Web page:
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corvi
corivax
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October 2008
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corvi [userpic]
That time of year!

Very warm winter this year. The cherries on campus are blooming at least two weeks early. I do wish I had a better camera, or was more used to mine. Kinda dissatisfied with the photos this year. Maybe I will make a second expedition and take some pictures in the middle of the night.


The quad at the University of Washington.


I like how this sort of fades away to stylization, just random islands of light at the bottom.


They smell wonderful. Not strong, not really very flowery, but faintly sweet and kind of pale or silvery. A bit like ocean salt without the metallic undertones.


They make of light a three-dimensional thing. Normally we're used to light on things, in rough rectangular shapes on the ground or against the sides of buildings. But you can see light in space, here, track its footprints on every petal, how the wind moves through it, and how it curls and sifts and breathes.


They're wierd trees. Dream trees, like children draw before they learn that large branches come out of the gnarled trunks, and medium branches come out of large ones, and small from medium, and sticks from the small branches, and twigs and spurs from sticks, and leaves from only the finest of twigs. Before everything has a place and a purpose, we know these trees. Wraith-twisted, with leaf and blossom on the trunk, and twigs jutting fine and sharp as thorns from branches so large you cannot encircle them with both arms.


I think I like the out-of-place strangeness of the flowers on the trunk the best.


Ended up fooling around with india ink, water, newsprint. I've little of talent or skill for painting, but I enjoy it. By the time I was done, there were fallen cherry petals floating in the mug I was using for a water-dish, which I found neat enough to warrant a picture.

Comments

Lovely pictures.

They smell wonderful. Not strong, not really very flowery, but faintly sweet and kind of pale or silvery. A bit like ocean salt without the metallic undertones.

Huh. I never thought of flowery smells as being like ocean smells. I wonder... I like the way flowers smell, and I like ocean smells, but I don't like perfumes (for me) with either kind of smell. In the case of ocean smells, it's because they interact with my body chemistry to produce this "rotting seaweed" smell. Now I'm wondering if something similar, but milder, might happen with flower smells.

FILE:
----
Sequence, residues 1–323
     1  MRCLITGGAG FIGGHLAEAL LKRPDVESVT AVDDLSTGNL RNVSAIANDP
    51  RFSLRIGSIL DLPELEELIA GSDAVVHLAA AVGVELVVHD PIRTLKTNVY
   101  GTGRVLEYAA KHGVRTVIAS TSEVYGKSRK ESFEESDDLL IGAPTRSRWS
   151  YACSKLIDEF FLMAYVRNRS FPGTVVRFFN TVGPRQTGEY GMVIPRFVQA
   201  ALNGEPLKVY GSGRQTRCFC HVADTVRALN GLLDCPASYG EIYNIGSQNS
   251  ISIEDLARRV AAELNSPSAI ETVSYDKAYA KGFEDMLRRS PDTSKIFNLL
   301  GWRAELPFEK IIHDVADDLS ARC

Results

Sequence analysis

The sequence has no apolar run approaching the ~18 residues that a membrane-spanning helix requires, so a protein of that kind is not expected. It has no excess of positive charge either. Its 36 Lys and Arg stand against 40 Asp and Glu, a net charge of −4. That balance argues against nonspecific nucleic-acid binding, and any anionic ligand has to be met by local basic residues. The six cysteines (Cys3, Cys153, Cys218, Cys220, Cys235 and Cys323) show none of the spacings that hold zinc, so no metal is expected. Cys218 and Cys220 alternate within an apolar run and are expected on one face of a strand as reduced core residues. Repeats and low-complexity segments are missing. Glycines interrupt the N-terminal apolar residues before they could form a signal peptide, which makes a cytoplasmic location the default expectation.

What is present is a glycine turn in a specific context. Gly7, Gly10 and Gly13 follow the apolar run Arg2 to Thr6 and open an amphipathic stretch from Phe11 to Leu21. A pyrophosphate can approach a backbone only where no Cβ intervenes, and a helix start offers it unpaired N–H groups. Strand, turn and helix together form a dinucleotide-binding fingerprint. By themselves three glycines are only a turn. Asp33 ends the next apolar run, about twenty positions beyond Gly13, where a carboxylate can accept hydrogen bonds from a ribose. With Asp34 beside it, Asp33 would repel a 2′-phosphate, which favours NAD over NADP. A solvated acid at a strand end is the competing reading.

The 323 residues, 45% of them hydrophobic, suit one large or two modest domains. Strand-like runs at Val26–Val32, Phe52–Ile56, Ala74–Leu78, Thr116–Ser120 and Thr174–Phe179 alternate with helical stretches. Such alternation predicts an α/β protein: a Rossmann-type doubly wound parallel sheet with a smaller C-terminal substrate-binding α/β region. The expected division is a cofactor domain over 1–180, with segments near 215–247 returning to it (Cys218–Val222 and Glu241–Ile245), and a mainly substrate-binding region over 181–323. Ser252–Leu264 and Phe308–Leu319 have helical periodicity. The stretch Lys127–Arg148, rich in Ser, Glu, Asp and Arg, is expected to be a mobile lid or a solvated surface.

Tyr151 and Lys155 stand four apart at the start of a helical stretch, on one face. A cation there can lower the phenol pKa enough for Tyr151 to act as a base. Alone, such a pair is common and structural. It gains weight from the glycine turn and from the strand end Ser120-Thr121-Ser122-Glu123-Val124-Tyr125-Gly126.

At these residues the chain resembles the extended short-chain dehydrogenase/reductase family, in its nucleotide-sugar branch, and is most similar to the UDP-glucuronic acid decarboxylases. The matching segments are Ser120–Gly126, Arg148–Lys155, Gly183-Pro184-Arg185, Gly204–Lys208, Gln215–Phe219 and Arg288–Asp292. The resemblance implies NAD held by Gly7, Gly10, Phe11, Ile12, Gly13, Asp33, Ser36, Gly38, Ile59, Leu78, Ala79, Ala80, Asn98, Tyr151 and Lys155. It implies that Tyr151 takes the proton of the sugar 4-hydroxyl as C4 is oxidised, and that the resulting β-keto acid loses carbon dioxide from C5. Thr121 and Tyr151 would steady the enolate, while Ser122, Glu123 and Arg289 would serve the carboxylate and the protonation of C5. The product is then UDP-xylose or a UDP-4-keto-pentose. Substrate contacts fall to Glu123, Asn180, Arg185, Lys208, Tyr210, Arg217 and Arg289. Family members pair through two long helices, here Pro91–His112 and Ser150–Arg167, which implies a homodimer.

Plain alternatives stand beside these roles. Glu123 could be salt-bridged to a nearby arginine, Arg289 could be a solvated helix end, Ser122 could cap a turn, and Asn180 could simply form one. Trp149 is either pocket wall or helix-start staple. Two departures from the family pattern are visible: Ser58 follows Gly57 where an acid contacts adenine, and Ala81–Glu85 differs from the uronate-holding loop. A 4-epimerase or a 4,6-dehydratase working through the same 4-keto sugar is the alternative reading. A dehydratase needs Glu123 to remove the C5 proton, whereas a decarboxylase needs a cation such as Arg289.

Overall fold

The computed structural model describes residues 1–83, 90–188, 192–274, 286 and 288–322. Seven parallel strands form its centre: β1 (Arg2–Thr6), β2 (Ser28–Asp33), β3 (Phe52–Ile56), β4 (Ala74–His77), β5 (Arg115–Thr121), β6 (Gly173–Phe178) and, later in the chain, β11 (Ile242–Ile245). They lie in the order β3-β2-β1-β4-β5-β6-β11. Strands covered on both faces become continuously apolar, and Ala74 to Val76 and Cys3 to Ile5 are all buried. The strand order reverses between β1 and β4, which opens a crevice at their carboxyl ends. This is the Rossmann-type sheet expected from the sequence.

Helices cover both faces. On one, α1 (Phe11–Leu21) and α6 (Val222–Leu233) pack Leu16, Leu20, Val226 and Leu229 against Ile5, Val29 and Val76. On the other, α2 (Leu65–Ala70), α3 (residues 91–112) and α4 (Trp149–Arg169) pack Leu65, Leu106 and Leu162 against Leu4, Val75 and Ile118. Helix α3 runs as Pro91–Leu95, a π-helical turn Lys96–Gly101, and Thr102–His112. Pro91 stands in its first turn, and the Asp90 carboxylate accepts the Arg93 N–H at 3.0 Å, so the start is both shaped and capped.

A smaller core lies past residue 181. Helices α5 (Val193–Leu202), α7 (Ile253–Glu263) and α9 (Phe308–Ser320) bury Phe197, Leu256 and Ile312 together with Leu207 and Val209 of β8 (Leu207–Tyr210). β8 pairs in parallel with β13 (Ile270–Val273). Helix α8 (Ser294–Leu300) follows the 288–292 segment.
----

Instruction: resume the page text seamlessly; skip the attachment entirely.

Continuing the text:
They're wierd trees. Dream trees, like children draw before they learn that large branches come out of the gnarled trunks, and medium branches come out of large ones, and small from medium, and sticks from the small branches, and twigs and spurs from sticks, and leaves from only the finest of twigs. Before everything has a place and a purpose, we know these trees. Wraith-twisted, with leaf and blossom on the trunk, and twigs jutting fine and sharp as thorns from branches so large you cannot encircle them with both arms.
I think I like the out-of-place strangeness of the flowers on the trunk the best.


I hope you get a chance to visit and photograph Australia sometime. We have trees just as weird as this :-).

Eucalypts are adapted to regularly being burnt, and for me it is a very special symbol of the power of life to see a blackened landscape, with new, colourful leaves emerging directly from the trunks.

Tree ferns and grass trees were both very strange to me when I first saw them.

Bunja pines meant I had to change my mental definition of "conifer" - they don't have needles, they have triangular spikes that vary in size along the stems, and remind me a bit of cactuses. Also, when they're young, they have the classic "christmas tree icon" triangular shape, but as they grow older, they get a dome-shaped top.

Bunjas are now my absolute favourite conifer. And I'm not the kind of person who has many absolute favourite anythings.

Argle. Remind me not to post before my brain's woken up. They're Bunya pines (sometimes even bunya-bunya).

Bonus points for being honest, and all, but I certainly wouldn't have known.

I obviously need to take a picture of the monkey-puzzle trees here, which are even wierder, though perhaps not so odd as the ones you mention. :) They have long windy tentacles covered in flat, pointy scales. Nothing that much resembles branches or leaves.

Are you an Australian native, or did you move there at some point?

Monkey-puzzle trees are in the same family as bunya - Araucaria. I don't know if bunya are weirder, but I think they're the prettier version of that kind of weird :-).

I moved to Australia when I was 11, from Denmark. So my default assumptions for trees were oak, beech, elm, ash, spruce, that kind of thing.

Danish trees' resource limitation is light. Australian trees' resource limitation is typically water. I find it so cool that one can learn to see the patterns that correspond to that.

Also, most Australian natives aren't deciduous, and instead of fall colours, you get new growth colours - the new leaves are often red or pink or purple before they get the green chlorophyll into them. Exactly backwards :-).

Pretty pictures...

I was told monkey-puzzles were evil and unlucky trees when I was growing up. Not sure why, apparently it's an odd bit of Cambridgeshire folklore. So do please put up some pictures of them...